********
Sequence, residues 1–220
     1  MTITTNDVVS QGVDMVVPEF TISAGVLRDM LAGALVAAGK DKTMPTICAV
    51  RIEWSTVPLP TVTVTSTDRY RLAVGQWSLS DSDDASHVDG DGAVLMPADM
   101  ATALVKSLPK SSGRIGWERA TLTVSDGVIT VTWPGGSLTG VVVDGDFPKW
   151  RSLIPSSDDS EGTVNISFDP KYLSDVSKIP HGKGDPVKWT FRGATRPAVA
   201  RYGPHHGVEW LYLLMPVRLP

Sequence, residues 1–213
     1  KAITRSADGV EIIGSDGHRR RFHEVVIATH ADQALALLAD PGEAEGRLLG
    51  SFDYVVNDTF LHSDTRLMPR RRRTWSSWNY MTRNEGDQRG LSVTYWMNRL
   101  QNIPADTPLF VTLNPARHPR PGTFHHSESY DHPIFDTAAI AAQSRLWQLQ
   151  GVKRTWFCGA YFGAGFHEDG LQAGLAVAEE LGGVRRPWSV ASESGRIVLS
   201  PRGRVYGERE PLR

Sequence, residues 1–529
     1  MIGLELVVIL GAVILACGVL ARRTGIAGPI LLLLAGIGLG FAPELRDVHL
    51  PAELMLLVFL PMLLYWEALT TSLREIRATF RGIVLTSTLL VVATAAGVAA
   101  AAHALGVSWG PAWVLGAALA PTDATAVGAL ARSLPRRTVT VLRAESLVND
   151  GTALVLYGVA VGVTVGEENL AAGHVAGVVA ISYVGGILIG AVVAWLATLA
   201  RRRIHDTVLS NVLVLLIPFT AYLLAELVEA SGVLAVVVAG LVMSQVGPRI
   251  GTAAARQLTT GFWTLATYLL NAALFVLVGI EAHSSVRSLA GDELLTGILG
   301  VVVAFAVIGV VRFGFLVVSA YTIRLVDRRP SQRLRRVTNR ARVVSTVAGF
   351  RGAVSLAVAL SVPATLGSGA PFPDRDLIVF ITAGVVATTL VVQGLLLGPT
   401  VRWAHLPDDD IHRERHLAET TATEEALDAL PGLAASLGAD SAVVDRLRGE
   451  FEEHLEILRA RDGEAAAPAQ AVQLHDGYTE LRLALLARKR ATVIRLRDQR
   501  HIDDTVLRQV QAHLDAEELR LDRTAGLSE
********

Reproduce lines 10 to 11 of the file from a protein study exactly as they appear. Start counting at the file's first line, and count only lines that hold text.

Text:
   101  QNIPADTPLF VTLNPARHPR PGTFHHSESY DHPIFDTAAI AAQSRLWQLQ
   151  GVKRTWFCGA YFGAGFHEDG LQAGLAVAEE LGGVRRPWSV ASESGRIVLS